Results 1 to 4 of 4

Math Help - Isometry Preserves Straight Lines Proof?

  1. #1
    Junior Member
    Joined
    Mar 2008
    Posts
    40

    Cool Isometry Preserves Straight Lines Proof?

    I'm asked to prove as a corollary to: the image of the line segment PQ under F is a line segment between F(P) and F(Q), that an isometry preserves straight lines.

    Here is the proof I've written down:
    Let F be an isometry.
    Let F(P) be denoted by P'.
    Let P,Q be arbitrary points on a line L. Let X be a point on the line segment PQ.

    Since F preserves distances we know that: d(P,X)=d(P',X') and d(Q,X)=d(Q',X').
    We have d(P,Q)=d(P,X)+d(X,Q).
    By assumption of F preserving distance we also have d(P',Q')=d(P',X')+d(X',Q').

    Thus the image of segment PQ is contained in its image, segment P'Q'; but since P,Q are arbitrary, the segment PQ may be considered indefinitely long. Thus the line L is mapped to a straight line L', since the arbitrarily large segments composing that line are straight.

    Is it correct? Am I writing too much? Is there a better way? Am I missing a second part? ie. to prove to sets equal you must show each belongs to the other.
    Follow Math Help Forum on Facebook and Google+

  2. #2
    MHF Contributor

    Joined
    Aug 2006
    Posts
    18,965
    Thanks
    1785
    Awards
    1
    Quote Originally Posted by Ultros88 View Post
    I'm asked to prove as a corollary to: the image of the line segment PQ under F is a line segment between F(P) and F(Q), that an isometry preserves straight lines. Is it correct? Am I writing too much? Is there a better way?
    It is difficult to give a definite answer to your questions because definitions and theorem orders differ. But generally you work is correct. You have shown that a line segment is mapped into an line segment. You may want to expand to include the entire line.

    Recall that if three points, P Q & X, are collinear then P-X-Q, P-Q-X, or X-P-Q.
    You have done the first, the segment. The others follow from what you have done.

    But again, you must follow your instructor’s standards for rigor.
    Follow Math Help Forum on Facebook and Google+

  3. #3
    Junior Member
    Joined
    Mar 2008
    Posts
    40

    How to Expand Proof to be for a line?

    How can I expand it to include a line if all I know is that a line is determined by two points? It seems to me that I can only deal with segments, or rays I guess. But again, it seems to me to boil down to proving that arbitrary segments on the oppositely directed rays, say XP and XQ, are straight. hmm...?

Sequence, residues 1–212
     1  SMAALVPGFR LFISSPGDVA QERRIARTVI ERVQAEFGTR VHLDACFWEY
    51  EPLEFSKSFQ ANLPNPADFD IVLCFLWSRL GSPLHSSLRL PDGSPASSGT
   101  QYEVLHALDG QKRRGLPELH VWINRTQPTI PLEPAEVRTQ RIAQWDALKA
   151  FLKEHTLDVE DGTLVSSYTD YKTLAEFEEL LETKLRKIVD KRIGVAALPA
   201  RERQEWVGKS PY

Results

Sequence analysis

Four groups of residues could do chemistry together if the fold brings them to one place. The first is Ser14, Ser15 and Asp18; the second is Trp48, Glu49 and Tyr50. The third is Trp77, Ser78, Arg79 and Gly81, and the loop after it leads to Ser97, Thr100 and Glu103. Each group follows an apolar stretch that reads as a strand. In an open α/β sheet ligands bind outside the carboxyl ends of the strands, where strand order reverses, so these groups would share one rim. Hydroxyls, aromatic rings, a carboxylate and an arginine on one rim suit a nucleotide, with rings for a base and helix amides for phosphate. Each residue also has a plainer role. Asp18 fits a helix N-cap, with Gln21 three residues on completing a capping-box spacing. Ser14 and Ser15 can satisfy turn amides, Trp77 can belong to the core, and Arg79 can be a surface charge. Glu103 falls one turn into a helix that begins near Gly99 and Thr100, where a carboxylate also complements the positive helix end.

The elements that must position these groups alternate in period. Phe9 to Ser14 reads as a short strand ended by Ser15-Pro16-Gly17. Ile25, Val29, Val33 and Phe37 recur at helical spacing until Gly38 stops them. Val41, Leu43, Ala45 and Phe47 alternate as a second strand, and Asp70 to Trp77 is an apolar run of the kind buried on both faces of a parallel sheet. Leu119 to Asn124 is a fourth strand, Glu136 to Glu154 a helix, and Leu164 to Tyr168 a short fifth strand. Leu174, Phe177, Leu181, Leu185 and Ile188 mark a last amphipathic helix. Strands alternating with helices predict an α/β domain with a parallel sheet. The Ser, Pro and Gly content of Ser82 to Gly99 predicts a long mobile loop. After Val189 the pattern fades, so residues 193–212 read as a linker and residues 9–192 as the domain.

Plato, from your reply it seems like there is some other way to prove the lines are straight. I'm guessing by taking 3 arbitrary collinear points and proving as I have already done. Is that right? How do the other two cases determine the entire line?

    Thanks,
    Ultros
    Follow Math Help Forum on Facebook and Google+

  4. #4
    MHF Contributor

    Joined
    Aug 2006
    Posts
    18,965
    Thanks
    1785
    Awards
    1
    As I said the first time, I do not know your set of axioms nor do I know the sequence of theorems. However, in general it seems to me as if you have proved betweeness for P-X-Q. All I meant is, I would want you to show that isometry also preserves the relations X-P-Q and P-Q-X. Then you have considered the entire line. But again your course may require a different level of rigor, more or less.
    Follow Math Help Forum on Facebook and Google+

Similar Math Help Forum Discussions

  1. vector help, straight lines
    Posted in the Pre-Calculus Forum
    Replies: 1
    Last Post: May 7th 2010, 05:02 PM
  2. angle between straight lines
    Posted in the Algebra Forum
    Replies: 2
    Last Post: March 17th 2010, 10:01 AM
  3. Combinatorics - n straight lines?
    Posted in the Discrete Math Forum
    Replies: 1
    Last Post: May 27th 2009, 05:58 AM
  4. Vector - straight lines
    Posted in the Calculus Forum
    Replies: 2
    Last Post: November 12th 2008, 11:44 AM
  5. Straight Lines
    Posted in the Math Topics Forum
    Replies: 2
    Last Post: August 30th 2007, 08:06 AM

Search Tags


/mathhelpforum @mathhelpforum